WASHINGTON -- A federal appeals court turned aside Michael Deaver's challenge to the independent counsel law Tuesday, clearing the way for the former White House aide's indictment on perjury charges.
The U.S. Circuit Court of Appeals for the District of Columbia, expressing 'no opinion on the merits' of Deaver's constitutional claims, declined to extend an order blocking independent counsel Whitney North Seymour's probe of Deaver's lobbying activities.
Deaver promptly appealed to the Supreme Court, telling Chief Justice William Rehnquist he would suffer 'irreparable injury' unless Seymour is blocked from seeking an indictment.
'Unless stayed by this court, Mr. Seymour will obtain an indictment against Mr. Deaver at the first available opportunity despite his patent lack of authority to do so,' his attorneys said.
A resolution of the 'issue of the constitutionality of the independent counsel statute ... by this court is important to assure the proper enforcement of the federal government's criminal laws in a manner consistent with the United States Constitution,' they said.
A spokewoman gave no indication on when Rehnquist may act.
Earlier, the appeals panel ruled that Deaver's 'case constitutes an impermissible pre-emptive civil challenge to a criminal proceeding,' siding with Seymour's contention the challenge was premature because Deaver had yet to be charged with criminal wrongdoing.
The appeals court panel of three judges ordered that Deaver's request for an emergency stay be denied, the five-day court order blocking Seymour from acting be immediately dissolved and returned the case to the U.S. District Court 'with directions to dismiss the complaint.'
At the same time, the panel said, 'We express no opinion on the merits of appellant's (Deaver's) constitutional arguments.'
The appeals panel turned back a move by U.S. District Judge Thomas Jackson, who last week refused to extend his court-ordered delay of Seymour's probe, but passed the constitutional question to the appeals level.
Deaver, a longtime confidant of President Reagan who was deputy White House chief of staff, has challenged the constitutionality of the 1978 law that allowed Seymour to be appointed to investigate his private lobbying activities since 1985.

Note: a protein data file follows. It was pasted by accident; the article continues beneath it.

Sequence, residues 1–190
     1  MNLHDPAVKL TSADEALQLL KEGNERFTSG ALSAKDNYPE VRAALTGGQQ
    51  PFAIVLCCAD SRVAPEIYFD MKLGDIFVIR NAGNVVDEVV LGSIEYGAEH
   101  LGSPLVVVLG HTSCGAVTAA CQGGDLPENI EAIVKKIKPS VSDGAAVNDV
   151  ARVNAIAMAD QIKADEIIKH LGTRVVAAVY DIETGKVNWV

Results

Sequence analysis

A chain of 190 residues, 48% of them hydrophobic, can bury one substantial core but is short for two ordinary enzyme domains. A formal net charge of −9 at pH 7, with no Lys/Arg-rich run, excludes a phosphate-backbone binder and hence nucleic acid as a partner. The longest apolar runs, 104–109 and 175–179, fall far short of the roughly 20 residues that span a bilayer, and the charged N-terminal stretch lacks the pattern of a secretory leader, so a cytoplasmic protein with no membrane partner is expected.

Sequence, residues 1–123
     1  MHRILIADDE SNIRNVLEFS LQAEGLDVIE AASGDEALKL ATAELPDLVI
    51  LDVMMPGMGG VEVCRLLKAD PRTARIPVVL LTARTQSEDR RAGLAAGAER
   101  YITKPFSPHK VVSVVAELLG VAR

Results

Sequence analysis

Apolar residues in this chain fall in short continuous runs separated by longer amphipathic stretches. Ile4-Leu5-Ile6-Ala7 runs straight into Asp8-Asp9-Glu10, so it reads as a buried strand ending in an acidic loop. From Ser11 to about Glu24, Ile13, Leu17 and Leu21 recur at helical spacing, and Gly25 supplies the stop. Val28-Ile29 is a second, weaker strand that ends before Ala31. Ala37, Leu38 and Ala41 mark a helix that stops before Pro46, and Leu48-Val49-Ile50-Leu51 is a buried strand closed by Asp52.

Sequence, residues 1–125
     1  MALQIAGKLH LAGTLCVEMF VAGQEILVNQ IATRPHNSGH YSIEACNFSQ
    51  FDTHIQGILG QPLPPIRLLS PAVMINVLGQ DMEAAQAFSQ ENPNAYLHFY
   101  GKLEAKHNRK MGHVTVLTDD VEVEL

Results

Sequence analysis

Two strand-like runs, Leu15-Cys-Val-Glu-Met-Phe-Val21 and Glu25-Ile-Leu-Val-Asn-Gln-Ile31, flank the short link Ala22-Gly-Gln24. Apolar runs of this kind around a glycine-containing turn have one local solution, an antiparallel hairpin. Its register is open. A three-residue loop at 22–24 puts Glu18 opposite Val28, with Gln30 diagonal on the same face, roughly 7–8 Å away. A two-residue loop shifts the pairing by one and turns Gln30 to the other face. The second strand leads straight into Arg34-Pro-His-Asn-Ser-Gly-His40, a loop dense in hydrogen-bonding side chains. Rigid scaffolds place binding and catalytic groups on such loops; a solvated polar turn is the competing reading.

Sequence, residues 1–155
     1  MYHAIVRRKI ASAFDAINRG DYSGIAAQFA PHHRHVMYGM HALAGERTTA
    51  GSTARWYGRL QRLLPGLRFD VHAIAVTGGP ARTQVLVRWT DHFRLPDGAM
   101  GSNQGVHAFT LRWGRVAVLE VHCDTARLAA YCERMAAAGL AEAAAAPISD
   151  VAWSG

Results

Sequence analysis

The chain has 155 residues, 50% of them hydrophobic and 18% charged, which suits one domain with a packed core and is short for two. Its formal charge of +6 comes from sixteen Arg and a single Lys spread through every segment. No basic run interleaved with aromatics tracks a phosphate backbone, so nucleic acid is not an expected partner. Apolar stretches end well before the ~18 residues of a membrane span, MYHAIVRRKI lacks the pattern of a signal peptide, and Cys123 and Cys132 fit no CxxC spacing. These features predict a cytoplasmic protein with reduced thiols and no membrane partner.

Seymour, who told Jackson in open court Feb. 25 that he was prepared to seek Deaver's indictment that day on four counts of perjury, declined to comment on the ruling, and it was unclear whether grand jury proceedings would commence as previously scheduled on Wednesday morning.
In a 21-page brief filed with the appeals panel, Deaver's lawyers argued Monday that although a lower court denied his motion to stop Seymour from seeking his indictment on perjury charges, it expressly sent the constitutional question to the appeals panel.
Delaying action on the question, the lawyers said, 'would serve no legitimate interests, would irremediably harm Mr. Deaver and would cast a lengthening shadow over the legality and propriety of numerous independent counsel investigations currently under way.'
The case could affect others, notably the probe into the Iran arms-Contra aid scandal, because Deaver's challenge is the same argued by Lt. Col. Oliver North, the ex-White House aide trying to stop the criminal investigation into the affair.
Both men contend the 1978 Ethics in Government Act usurps the constitutional power of prosecution reserved for the executive branch because it provides for independent counsels to be appointed under the judiciary branch.
Lawrence Walsh, probing the Iran-Contra case, and James McKay, investigating former White House aide Lyn Nofziger's private lobbying activities, have accepted parallel Justice Department jobs from Attorney General Edwin Meese in a move to sidestep the constitutional question. Seymour and another special prosecutor, Alexia Morrison, so far have rejected the dual positions.
North, who also challenged Walsh on the dual appointment, had two lawsuits rejected last week by a federal judge on grounds his arguments were premature because he has not been charged with any wrongdoing.
Seymour also argued the appeals court's interference on constitutional grounds would be premature because Deaver had not been indicted.
'Indeed,' Seymour said, 'if this court were to hear (Deaver's) claim, it ... is no exaggeration to say that the floodgates would be opened to piecemeal appellate review.'